Run(Don’t Walk)

Thursday morning I decided to hit the pavement for a nice long walk. Sky was a mix of overcast and sun, which was occasionally peeking thru the steely gray. Made a “Long Walk” playlist on Spotify, topped my head with a beat-up ball cap, and hit the road.

Figured I’d do my usual jaunt which is leaving our wooded neighborhood for the quaint and clear Hawthorne addition. Hawthorne is a fairly new neighborhood that was built about 8 years ago. It’s a great place to get a 3 to 3 1/2 mile walk in with no traffic. It’s quiet and the open skies are a welcome traveler. But as I walked down the desolate county road from my neighborhood to the Hawthorne entrance I decided to just keep walking down the road. I was in a groove; the mixture of desolate, drone tracks and piano pop on the playlist were blending well with the vibes of the day so I carried on.

I headed west from my house and followed the curvy county road which led to 450 N, which is where my addition is on. But I was about 1/4 mile west. I decided to walk north across 450N and see what would happen. The day was good, the songs were kicking in, and I didn’t have any plans. Figured what was the worst that could happen?

Even though I was still fairly close to my house I felt like I was in another country. The road felt more rural than it was, with a scattered farm here and there. I made my way to a bridge that took you over the Tippecanoe River. A small vein of the wide-ranging river, the water was high and moving quickly. It was exciting to be out there staring at the flowing water, no traffic to interrupt the mood. I figured I could just keep going and see where the road would take me. By this time I was too far to go back the way I’d come. I might as well continue on and just make the full square. I figured it would be maybe 3 1/2 miles tops. The weather would hold, despite the overcast skies. Good exercise, so why not continue on? I had a nearly hour mix to listen to. That should cover the journey.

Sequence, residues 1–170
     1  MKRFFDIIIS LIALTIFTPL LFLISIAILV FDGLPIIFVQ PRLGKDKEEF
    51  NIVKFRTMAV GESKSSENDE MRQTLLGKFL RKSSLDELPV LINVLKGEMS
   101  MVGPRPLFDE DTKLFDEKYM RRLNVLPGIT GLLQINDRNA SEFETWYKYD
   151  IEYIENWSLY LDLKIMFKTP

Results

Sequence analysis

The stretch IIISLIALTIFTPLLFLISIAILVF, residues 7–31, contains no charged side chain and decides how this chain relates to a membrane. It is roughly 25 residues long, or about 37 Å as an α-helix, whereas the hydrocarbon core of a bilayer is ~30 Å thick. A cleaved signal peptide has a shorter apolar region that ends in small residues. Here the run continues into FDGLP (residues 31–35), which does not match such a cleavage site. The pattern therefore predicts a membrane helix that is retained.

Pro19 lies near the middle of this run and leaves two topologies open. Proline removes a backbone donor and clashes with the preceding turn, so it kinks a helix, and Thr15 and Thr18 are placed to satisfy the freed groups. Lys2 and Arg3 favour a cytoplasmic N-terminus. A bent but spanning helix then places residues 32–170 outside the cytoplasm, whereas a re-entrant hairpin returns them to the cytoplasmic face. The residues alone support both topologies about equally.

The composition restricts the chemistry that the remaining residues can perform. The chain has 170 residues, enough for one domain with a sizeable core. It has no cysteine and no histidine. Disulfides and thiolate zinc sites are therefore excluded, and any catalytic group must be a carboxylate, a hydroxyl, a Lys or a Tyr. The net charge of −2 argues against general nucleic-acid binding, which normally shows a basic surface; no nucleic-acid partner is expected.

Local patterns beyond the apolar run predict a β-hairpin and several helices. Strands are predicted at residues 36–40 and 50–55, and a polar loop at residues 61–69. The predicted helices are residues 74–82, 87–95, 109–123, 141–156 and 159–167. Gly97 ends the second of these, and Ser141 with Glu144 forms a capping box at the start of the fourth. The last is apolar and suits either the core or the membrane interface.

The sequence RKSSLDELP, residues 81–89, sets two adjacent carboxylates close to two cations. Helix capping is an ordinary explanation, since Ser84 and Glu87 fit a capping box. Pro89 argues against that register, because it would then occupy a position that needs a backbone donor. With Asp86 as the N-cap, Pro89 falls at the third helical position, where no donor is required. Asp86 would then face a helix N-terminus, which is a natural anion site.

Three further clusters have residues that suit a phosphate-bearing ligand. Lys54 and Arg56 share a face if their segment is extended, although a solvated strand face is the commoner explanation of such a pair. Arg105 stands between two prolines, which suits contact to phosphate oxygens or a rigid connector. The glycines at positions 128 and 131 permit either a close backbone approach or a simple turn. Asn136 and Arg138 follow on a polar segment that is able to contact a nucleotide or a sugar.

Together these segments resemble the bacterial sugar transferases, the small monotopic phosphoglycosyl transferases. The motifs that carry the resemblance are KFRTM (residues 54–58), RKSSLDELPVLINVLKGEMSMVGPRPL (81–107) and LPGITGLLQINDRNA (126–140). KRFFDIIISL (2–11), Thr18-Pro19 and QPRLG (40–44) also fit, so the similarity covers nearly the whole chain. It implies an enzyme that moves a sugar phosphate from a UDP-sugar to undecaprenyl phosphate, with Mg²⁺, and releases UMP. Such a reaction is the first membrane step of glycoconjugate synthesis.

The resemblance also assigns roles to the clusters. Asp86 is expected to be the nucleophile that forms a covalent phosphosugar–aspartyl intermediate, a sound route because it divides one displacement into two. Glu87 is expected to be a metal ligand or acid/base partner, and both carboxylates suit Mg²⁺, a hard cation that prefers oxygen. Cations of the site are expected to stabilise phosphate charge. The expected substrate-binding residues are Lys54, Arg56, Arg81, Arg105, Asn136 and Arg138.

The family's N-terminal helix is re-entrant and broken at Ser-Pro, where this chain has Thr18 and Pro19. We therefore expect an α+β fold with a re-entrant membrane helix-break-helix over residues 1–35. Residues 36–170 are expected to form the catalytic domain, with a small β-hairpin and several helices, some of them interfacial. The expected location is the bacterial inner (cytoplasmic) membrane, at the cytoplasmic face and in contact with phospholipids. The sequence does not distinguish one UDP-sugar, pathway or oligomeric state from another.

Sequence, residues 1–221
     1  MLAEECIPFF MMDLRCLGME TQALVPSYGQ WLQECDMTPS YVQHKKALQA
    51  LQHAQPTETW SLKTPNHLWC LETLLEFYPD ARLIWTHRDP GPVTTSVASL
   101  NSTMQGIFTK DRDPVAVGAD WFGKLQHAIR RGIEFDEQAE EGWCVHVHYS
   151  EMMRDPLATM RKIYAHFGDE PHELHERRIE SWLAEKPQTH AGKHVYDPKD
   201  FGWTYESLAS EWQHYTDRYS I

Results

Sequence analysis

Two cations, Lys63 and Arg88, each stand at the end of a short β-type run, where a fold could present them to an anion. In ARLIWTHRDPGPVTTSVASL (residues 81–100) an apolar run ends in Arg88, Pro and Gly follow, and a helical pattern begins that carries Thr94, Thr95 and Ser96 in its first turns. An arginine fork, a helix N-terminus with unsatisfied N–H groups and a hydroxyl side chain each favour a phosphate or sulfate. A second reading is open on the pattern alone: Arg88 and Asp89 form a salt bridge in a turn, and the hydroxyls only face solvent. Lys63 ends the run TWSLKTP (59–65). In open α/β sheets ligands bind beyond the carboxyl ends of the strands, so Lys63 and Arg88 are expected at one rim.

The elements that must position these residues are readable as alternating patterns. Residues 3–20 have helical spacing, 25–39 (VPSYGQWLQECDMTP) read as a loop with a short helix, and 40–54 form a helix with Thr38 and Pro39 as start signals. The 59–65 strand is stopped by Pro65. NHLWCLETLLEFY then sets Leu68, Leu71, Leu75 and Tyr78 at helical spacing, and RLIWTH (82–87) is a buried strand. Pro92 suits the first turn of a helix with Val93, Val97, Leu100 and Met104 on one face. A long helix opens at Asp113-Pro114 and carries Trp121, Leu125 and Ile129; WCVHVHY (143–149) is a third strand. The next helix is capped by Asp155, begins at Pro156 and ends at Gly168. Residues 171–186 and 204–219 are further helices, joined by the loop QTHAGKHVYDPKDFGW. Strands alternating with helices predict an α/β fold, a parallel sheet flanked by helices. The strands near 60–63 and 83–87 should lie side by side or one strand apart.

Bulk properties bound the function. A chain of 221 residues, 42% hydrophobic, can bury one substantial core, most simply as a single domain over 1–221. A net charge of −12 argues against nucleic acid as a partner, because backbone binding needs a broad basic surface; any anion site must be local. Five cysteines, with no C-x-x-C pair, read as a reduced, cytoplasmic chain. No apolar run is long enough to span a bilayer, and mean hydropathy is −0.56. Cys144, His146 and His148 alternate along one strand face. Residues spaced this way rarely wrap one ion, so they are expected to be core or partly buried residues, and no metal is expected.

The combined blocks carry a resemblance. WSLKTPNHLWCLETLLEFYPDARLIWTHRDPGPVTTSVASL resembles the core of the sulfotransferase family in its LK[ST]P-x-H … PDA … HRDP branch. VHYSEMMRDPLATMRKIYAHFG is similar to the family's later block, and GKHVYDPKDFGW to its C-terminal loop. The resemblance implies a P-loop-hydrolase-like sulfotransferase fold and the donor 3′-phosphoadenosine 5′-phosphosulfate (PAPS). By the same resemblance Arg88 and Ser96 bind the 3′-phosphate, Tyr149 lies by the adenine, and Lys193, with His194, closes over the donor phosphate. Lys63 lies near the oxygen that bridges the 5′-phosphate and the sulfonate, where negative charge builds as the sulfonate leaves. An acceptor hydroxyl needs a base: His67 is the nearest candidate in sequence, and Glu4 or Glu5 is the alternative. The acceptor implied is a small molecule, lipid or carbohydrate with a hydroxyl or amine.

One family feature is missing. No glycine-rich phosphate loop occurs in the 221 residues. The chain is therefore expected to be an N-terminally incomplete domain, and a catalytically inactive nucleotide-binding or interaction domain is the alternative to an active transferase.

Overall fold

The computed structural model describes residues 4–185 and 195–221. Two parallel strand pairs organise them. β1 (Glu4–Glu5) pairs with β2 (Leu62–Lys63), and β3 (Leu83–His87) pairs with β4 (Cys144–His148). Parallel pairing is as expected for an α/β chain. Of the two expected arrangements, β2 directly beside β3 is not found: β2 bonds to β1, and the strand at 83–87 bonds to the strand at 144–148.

As I continued on the traffic picked up a bit. I’d get over as far as I could, but the road dipped pretty deeply into ditches on both sides due to fields on either side. I couldn’t get off more than a few inches or I’d fall right in. My wife’s comment earlier in the week about shoes came to me. I believe it was “There’s a big difference between a $55 pair of New Balance and a $155 pair of New Balance.” Those steep inclines were wreaking havoc on my ankles as I wore my $55 pair of New Balance walking shoes. The friendly faces I would often see during walks back in March and April were taken over by what appeared to be Jack-O-Lanterns with permanent grimaces. These people weren’t happy to see another person. They seemed angry, and almost resentful that this guy was walking down the road. I waved to one driver in an older Suburban and he seemed perturbed that he had to remove his hand from the steering wheel. The look on his face was that of an older sibling flicking a younger sibling’s ear with much anger and force. As he did his “EHH” look he lifted his left hand off the wheel long enough to give me an almost “Heil Hitler” salute and he was gone.